Mark it down. This is the year. Raise the Jolly Roger!
The Bucs ran into a lot of bad luck last year in the form of injuries losing Starling Marte, Francisco Cervelli, and Jung-Ho Kang for long stretches of time. They had key star players underperform: Andrew McCutchen, Gerrit Cole, and Francisco Liriano. They had some young players who’ve shown promise, but haven’t put it all together: Gregory Polanco and Josh Bell. Jordy Mercer regressed, range has dropped, and he can’t hit righties. Josh Harrison wasn’t the same until healthy late in the year. If it wasn’t for Sean Rodriguez and Matt Joyce over performing who knows how poorly the season would have fared.
I think we as fans realized before the season started that 2016 was going to be a challenging year with the Cubs and Cards looking great and the Bucs still waiting on all the youth to arrive. But now that youth has started to arrive. Jameson Taillon, Polanco, Bell, Marte, and Adam Frazier all show their capable of producing in the Major Leagues and collectively should perform better this year than last.
Here’s our prediction of the opening day batting order assuming Kang isn’t ready. We expect the Red Sox to roll out LHP Chris Sale:
- Josh Harrison, 2b
- Largely due to how he performed here last season with an OBP of .347 batting first and .344 for the season versus LHP.
- David Freese, 3b
- Freese’s OBP versus LHP was .419 last year. The Bucs want an RBI hitter with good OBP in this slot. Polanco likely lands here versus RHP and perhaps by the time Kang returns if he’s improved versus LHP.
- Andrew McCutchen, RF
- This seems to be the slot Cutch is most comfortable in. His OBP while batting 3rd last year was .349 with 15 HR’s. Slotting Cutch in the three-hole gives him the best shot to bounce back.
- Starling Marte, CF
- Marte’s OPS in the clean-up spot was .915 last year.
- Josh Bell, DH (1b)
- This is mainly due to Bell being a switch hitter and the team likely facing a LHP. Kang will land here when he returns.
- Gregory Polanco, LF
- Bell will move here when Kang returns.
- Francisco Cervelli, CA
- Phil Gosselin, 1b (I admit, there is a chance Jose Osuna is active the first two games for this role. We may go short a starter to make room on the roster.)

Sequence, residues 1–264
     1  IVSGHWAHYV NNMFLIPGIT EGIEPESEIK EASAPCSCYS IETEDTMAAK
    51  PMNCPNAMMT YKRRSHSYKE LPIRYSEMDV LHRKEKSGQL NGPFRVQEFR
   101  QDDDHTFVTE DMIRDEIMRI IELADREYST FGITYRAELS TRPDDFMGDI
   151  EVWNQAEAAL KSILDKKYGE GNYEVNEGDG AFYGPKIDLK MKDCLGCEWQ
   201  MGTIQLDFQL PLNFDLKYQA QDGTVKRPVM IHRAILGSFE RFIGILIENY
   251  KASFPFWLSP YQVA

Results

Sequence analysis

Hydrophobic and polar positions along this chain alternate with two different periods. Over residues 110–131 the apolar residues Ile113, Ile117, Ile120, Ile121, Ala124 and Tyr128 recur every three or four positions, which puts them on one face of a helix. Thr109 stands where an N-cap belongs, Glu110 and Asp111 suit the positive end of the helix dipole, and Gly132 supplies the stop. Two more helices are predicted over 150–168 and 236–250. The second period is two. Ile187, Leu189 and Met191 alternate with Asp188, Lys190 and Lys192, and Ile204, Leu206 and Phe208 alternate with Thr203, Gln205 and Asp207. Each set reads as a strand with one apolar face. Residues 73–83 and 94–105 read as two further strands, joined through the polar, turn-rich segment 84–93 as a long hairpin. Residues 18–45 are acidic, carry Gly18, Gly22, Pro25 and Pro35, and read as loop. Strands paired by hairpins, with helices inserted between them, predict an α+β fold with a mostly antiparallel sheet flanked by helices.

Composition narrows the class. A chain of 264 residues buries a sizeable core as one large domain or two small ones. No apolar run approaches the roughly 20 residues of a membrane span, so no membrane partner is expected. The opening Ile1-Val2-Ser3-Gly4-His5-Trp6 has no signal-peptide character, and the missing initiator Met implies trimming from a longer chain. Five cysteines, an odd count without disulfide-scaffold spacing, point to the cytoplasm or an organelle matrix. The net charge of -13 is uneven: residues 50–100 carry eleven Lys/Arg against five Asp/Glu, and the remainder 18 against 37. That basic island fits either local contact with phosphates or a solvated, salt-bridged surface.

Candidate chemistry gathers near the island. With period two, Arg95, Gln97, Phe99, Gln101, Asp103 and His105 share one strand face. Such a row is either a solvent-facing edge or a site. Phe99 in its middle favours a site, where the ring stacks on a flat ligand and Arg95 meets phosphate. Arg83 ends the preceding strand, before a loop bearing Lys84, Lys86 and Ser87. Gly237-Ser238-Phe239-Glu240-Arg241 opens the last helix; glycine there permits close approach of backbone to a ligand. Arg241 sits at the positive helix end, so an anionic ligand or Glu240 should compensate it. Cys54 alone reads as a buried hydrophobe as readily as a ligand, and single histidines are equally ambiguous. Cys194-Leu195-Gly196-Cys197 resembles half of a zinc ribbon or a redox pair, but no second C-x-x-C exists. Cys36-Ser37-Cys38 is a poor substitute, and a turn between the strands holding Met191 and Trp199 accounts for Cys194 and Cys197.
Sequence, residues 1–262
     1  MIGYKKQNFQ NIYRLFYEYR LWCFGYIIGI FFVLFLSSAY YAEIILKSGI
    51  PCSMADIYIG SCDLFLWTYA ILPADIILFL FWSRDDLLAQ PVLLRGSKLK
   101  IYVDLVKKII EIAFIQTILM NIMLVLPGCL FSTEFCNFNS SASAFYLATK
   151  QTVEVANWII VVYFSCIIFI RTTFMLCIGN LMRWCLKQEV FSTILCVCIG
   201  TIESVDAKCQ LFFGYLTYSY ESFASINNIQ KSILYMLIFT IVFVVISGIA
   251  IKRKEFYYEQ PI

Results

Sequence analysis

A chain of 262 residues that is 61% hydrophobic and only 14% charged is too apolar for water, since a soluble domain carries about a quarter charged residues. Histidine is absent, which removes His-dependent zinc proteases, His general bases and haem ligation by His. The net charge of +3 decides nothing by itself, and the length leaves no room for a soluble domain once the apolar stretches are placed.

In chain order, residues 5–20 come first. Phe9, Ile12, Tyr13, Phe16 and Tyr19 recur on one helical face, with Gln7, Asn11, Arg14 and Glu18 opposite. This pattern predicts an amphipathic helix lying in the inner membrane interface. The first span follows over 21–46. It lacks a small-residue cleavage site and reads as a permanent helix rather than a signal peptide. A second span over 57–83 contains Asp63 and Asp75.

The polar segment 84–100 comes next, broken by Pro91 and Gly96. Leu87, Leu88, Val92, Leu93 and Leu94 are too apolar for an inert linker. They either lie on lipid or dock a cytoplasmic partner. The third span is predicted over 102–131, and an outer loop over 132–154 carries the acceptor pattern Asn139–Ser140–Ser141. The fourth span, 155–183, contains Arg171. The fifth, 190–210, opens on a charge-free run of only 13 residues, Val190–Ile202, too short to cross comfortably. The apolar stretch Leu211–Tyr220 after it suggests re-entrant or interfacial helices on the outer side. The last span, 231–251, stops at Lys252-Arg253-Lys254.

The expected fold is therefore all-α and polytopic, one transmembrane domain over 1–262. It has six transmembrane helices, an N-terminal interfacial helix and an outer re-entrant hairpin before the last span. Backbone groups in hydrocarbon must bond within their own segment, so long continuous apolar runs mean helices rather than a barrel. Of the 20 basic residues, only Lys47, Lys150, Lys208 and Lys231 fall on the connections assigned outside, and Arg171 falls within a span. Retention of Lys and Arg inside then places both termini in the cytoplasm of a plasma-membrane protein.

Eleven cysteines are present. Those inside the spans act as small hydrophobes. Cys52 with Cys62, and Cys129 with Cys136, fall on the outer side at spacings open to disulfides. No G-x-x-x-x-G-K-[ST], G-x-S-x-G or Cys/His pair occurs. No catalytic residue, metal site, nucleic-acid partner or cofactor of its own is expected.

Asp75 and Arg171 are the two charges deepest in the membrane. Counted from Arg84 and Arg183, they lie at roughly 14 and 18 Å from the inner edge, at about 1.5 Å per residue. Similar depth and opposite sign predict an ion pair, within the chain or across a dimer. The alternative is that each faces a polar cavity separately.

- Jordy Mercer, SS (Obviously pitcher’s slot in NL games: Gerrit Cole, RHP)
This lineup has so much potential to be explosive. When Kang returns they’ll have four players capable of hitting 25 HR’s each (Kang, Cutch, Bell, and Polanco) with three others likely to hit double digit HR’s (Marte, Freese, and Mercer.)
We feel the bench will consist of Chris Stewart, Phil Gosselin, John Jaso, Adam Frazier, and Alen Hanson. The reason we think Hanson over Jose Osuna is simply due to his being out of options. The Bucs have given up on former high prospects too early before (see Jose Bautista) so they might as well give Hanson a chance to earn more. He’s only 24 years old, perhaps can play SS, and he has wheels.
The starting rotation is in much better shape than a year ago (which isn’t saying much we know.)
- Gerrit Cole, RHP
- Jameson Taillon, RHP
- Ivan Nova, RHP
- Drew Hutchinson, RHP
- (We know. Outrage! Listen, the NL had figured out not to swing at Liriano’s sliders outside the zone. It was a salary dump. But, the Bucs deserve credit on taking pitchers who weren’t performing before arriving to the team and become solid middle-of-the-rotation starters. Jonathan Niese didn’t, but most have – A.J. Burnett, J.A. Happ, Vance Worley, Edinson Volquez, and Liriano)
- Chad Kuhl, RHP
They’ve depth in AAA as well in Tyler Glasnow, Trevor Williams, Nick Kingman, and Steven Brault.)
The bullpen gives us reason to believe again too. Tony Watson should perform better this year than last and has a lot of set-up men who can step in and assist with closing: Juan Nicasio, Daniel Hudson, and Felipe Rivero. The pen is rounded out with Antonio Bastardo, Jared Hughes, and A.J. Schugel.
This is a recipe for the success the Buccos had two years ago. Solid starts getting them to an even strong pen. The games will be shortened. Their focus on hitters getting on base and hitting for power will lead to some crooked scores. I anticipate they won’t equal the Cubs scoring differential, but they will match the Cards. The Bucs face the Cubs six times and Cards three times in the month of April. Even though it is a long season, the month of April will be critical in displaying whether the Pirates have improved enough to be taken seriously.
They’ll be up to the challenge.